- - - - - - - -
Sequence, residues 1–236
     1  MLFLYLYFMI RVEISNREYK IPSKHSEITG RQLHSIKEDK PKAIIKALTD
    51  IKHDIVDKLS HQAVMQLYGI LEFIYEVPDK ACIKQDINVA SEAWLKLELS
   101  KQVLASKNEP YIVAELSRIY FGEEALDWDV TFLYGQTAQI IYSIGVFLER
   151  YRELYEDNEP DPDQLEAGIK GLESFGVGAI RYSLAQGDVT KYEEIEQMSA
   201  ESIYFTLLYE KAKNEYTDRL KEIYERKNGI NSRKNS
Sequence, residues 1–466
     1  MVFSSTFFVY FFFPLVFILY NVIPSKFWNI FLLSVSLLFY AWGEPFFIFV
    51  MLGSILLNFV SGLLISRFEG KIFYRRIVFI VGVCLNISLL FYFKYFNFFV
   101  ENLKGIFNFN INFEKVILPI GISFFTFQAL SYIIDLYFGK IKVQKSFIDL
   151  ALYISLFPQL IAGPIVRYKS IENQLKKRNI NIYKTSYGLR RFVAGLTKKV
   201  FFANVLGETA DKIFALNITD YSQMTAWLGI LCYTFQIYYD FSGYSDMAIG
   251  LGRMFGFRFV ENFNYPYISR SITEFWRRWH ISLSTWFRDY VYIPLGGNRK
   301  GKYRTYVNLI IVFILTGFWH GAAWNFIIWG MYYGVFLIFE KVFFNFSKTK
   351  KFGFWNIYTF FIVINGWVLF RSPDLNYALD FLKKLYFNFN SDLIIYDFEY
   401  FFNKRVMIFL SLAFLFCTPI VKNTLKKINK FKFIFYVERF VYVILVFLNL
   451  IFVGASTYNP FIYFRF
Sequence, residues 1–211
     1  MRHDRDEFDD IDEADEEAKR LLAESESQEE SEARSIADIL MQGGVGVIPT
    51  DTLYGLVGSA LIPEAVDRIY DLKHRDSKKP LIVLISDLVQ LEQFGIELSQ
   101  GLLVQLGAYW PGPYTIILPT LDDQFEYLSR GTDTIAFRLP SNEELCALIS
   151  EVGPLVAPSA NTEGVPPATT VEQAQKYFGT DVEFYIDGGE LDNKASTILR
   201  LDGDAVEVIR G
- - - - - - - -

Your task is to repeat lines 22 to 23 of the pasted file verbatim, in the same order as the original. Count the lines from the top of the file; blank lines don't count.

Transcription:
   151  EVGPLVAPSA NTEGVPPATT VEQAQKYFGT DVEFYIDGGE LDNKASTILR
   201  LDGDAVEVIR G